Photo: Mauro Martino
Wouldn’t it be great if we could all get along? Wouldn’t it be great if congress could put aside their stubbornness once in awhile and pass something? The world would be a better place. However, it’s simply human nature that drives group disagreements. In-group favoritism, or in-group out-group bias, is the phenomenon of social psychology where when put in groups, humans will consistently exhibit behaviors favoring their own group over those in the ‘out-group’. This behavior seems obvious and surface-levelled, but the downreaching implications run deep. On the issue of working together, two sub-theories are most prevalent: Out-group homogeneity and realistic conflict theory. These two explanations of group dynamics serve to give insight on why people polarize and the effects the polarization bring.
Out-group homogeneity is exactly what it sounds like: the theory that we views members of our ingroup as diverse and complex, while the members of the outgroup seem to be, well, homogenous. To test this, a group of social scientists surveyed 90 sorority members, asking them to judge other sororities based on the similarity within them. Every participant judged members of their own sorority to be more diverse than the others. This may seem trivial, you may say to yourself, “yea of course that would happen, the ingroup has more contact with each other and less with the outgroup. They know each other deeper and naturally see each other as more complex.” But this is not the whole case. Studies show this bias does not depend on how well you know members of the in and outgroups. The bias has even been observed with groups as large as ‘men v women’, who have substantial contact with each other. The full explanation for this bias is still undetermined. However, Its implications are not. This cognitive error leads to stereotypes, snap judgements, and an inability to empathize with the outgroup. In a 2004 study, Israeli Kibbutz members, who promise to be universally cooperative, were observed to be more cooperative with other anonymous Kibbutz members than anonymous city residents. Even when a conscious effort is made to work with with the outgroup, we still naturally cooperate more with our ingroup.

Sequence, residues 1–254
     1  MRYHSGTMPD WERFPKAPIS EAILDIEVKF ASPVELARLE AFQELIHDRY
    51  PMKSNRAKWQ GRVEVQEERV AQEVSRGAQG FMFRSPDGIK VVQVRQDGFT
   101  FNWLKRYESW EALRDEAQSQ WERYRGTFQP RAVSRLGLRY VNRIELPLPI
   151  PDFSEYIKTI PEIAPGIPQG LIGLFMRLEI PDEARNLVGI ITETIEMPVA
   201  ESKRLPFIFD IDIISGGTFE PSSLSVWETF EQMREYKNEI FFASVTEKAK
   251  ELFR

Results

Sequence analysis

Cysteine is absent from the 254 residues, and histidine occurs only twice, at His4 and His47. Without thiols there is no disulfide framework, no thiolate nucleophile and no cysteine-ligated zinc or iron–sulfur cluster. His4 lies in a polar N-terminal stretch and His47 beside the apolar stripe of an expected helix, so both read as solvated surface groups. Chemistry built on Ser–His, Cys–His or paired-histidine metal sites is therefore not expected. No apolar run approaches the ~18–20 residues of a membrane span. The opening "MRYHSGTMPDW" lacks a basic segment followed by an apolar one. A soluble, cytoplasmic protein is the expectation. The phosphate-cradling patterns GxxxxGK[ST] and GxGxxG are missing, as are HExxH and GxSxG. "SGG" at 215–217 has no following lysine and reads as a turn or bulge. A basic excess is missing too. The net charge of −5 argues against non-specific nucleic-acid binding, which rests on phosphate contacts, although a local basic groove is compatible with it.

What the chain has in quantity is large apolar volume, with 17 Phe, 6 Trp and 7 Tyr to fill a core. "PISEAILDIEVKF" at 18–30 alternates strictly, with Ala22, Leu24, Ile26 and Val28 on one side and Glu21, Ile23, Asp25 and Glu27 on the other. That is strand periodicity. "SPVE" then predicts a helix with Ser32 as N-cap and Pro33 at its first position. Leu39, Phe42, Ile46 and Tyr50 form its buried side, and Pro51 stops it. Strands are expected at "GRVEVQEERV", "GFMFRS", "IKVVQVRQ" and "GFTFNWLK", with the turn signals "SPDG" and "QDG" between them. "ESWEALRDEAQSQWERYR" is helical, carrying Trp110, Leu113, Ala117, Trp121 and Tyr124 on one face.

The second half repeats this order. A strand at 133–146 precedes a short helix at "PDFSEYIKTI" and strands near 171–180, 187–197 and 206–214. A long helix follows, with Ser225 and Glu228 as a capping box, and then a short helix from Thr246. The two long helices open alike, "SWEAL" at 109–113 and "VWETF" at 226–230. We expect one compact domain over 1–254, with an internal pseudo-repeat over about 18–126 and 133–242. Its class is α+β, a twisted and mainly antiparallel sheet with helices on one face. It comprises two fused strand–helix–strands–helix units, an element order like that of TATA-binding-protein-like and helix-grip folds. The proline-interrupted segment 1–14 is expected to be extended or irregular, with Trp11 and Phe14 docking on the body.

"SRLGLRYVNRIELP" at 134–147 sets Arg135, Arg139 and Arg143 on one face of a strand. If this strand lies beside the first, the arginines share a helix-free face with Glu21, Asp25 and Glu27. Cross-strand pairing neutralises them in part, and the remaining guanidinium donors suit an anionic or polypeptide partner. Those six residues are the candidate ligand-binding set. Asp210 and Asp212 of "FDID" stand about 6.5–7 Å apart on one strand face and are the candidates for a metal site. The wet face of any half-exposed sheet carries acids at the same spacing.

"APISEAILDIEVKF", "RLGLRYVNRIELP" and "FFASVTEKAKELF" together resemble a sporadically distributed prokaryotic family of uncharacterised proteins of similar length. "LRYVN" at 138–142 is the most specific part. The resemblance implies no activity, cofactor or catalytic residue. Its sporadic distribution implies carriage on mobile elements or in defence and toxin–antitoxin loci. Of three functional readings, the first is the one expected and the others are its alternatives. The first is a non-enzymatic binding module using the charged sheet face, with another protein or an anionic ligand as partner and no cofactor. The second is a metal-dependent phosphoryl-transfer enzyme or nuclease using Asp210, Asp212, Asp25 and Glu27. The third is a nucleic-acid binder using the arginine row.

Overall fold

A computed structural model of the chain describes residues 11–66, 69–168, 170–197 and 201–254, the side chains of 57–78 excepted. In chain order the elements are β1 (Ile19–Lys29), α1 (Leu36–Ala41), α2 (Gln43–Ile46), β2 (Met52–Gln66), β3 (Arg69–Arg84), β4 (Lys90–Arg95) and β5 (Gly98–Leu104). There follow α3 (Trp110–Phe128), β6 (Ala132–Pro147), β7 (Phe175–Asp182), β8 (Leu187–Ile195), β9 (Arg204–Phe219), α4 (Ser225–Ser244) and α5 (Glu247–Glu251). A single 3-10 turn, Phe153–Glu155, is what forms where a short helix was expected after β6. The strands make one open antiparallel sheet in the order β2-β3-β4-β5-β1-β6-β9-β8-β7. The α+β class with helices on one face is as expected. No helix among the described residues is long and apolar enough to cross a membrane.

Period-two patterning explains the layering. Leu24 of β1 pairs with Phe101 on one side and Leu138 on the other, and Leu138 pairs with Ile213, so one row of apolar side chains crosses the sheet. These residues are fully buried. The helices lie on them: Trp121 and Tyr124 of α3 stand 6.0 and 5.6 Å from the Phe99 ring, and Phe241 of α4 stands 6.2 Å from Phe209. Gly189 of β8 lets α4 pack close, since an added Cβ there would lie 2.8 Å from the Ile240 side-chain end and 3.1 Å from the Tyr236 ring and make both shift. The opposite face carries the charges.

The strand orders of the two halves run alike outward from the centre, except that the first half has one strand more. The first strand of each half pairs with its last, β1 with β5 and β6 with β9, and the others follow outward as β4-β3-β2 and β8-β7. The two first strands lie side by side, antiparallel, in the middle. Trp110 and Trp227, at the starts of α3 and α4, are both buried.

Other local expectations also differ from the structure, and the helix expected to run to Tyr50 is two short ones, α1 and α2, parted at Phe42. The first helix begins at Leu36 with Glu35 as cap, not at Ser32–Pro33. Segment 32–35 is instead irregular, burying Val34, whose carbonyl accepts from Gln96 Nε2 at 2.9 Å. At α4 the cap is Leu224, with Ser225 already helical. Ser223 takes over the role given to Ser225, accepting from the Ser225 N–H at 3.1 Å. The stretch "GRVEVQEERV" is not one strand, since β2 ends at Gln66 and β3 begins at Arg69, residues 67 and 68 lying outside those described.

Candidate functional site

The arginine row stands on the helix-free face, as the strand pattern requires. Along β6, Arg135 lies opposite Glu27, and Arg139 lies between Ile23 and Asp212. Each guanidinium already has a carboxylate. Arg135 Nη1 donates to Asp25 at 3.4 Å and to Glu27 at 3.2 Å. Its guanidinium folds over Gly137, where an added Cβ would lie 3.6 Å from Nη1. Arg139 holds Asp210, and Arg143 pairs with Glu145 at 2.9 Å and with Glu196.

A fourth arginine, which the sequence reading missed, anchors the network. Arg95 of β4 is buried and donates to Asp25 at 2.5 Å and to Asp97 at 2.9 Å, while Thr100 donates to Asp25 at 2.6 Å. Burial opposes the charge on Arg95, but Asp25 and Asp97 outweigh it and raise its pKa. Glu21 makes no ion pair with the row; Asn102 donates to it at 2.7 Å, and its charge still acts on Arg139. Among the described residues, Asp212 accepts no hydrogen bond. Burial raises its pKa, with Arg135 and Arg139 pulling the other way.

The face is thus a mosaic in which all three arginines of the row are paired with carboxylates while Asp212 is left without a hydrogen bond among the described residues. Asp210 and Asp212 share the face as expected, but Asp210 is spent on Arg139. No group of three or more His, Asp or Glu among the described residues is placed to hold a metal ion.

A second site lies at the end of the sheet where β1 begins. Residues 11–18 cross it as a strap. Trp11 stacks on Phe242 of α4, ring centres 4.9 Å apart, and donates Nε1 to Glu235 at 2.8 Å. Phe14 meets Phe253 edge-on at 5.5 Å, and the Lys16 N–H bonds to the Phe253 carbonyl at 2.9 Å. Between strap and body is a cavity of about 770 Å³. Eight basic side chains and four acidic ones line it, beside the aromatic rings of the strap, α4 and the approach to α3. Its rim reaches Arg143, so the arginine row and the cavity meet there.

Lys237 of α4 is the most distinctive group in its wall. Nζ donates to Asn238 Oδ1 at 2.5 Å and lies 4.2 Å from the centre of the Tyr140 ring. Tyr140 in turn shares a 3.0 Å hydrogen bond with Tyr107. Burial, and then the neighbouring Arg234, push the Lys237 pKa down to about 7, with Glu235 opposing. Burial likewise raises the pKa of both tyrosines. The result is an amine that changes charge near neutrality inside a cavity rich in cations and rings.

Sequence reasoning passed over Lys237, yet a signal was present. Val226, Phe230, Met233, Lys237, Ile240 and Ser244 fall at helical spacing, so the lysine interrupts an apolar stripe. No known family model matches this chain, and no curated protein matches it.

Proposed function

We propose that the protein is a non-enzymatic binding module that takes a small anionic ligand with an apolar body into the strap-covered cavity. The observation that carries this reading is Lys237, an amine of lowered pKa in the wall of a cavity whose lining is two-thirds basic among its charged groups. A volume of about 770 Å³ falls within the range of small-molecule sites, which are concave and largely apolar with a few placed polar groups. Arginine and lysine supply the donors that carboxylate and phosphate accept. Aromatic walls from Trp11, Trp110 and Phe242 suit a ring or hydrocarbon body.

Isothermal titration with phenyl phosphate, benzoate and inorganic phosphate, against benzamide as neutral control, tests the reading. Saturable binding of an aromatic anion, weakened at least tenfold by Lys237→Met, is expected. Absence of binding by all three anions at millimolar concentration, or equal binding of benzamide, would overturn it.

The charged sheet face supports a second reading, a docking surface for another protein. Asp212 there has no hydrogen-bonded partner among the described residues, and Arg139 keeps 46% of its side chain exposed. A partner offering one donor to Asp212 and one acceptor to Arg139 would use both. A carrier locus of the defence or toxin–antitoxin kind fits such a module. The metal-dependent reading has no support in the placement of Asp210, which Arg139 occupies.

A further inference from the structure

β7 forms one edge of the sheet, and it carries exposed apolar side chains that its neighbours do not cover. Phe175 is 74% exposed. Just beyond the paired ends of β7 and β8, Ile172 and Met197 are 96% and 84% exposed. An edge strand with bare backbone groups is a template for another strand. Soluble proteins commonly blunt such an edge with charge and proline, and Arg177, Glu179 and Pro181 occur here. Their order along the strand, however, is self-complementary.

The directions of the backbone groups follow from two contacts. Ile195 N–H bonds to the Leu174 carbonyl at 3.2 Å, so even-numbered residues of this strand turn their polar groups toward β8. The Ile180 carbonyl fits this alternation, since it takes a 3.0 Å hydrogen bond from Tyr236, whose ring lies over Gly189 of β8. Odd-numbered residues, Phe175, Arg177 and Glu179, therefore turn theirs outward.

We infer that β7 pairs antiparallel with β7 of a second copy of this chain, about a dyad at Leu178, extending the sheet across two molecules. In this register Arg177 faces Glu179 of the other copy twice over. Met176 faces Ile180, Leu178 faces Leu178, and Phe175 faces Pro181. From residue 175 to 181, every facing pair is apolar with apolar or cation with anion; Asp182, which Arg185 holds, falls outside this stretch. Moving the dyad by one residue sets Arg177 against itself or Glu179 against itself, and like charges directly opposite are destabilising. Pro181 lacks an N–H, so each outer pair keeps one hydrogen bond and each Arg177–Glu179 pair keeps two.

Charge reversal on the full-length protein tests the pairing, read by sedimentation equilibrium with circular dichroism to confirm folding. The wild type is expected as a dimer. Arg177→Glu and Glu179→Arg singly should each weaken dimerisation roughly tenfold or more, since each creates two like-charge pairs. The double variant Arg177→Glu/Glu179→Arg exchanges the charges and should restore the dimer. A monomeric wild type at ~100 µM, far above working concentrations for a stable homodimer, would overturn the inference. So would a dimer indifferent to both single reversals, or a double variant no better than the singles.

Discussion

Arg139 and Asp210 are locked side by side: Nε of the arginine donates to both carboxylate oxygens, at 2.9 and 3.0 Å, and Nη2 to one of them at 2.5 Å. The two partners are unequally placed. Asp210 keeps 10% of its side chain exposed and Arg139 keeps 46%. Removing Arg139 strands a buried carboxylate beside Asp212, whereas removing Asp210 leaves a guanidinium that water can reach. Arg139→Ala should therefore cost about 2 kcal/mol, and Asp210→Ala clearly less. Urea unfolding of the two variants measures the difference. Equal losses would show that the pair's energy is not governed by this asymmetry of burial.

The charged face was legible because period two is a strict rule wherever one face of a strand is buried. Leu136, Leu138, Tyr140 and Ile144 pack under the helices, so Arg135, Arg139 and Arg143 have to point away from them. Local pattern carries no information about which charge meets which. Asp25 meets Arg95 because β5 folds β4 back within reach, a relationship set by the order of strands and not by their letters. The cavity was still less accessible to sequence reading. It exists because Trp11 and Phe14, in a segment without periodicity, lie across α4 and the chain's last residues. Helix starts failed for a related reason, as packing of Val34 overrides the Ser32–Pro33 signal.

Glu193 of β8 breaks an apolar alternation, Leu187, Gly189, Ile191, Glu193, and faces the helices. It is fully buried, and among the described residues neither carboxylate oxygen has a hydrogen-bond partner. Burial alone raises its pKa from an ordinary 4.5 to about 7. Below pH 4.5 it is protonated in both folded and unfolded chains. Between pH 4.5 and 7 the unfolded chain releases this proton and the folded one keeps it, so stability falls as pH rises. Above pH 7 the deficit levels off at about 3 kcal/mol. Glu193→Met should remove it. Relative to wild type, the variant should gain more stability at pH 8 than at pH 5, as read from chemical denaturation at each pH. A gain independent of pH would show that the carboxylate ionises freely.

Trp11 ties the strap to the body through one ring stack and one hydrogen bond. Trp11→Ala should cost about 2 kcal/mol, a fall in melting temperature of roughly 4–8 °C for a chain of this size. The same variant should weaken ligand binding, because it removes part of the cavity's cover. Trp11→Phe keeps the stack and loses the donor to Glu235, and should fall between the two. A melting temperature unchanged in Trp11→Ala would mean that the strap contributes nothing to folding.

In the world of politics, outgroup homogeneity is all too prevalent. We see it every day, in the people we interact with, and in ourselves (I’m guilty of it all the time). We assume our views are more correct and more well thought out, while the views of the opposition are the opposite. This leads to a discounting of the viewpoint from the other side. We only vote for our own party’s candidates, we only support our own party’s policies, and we naturally argue against the opposition. This may seem sensible, as your views line up with your designated party’s. But do they? The world of politics and policy is a complicated one, where black and white designations for efforts, such as political parties, cannot suffice. Even a 2D spectrum is not enough; many see the placement of theories as actually more of a twin axial one.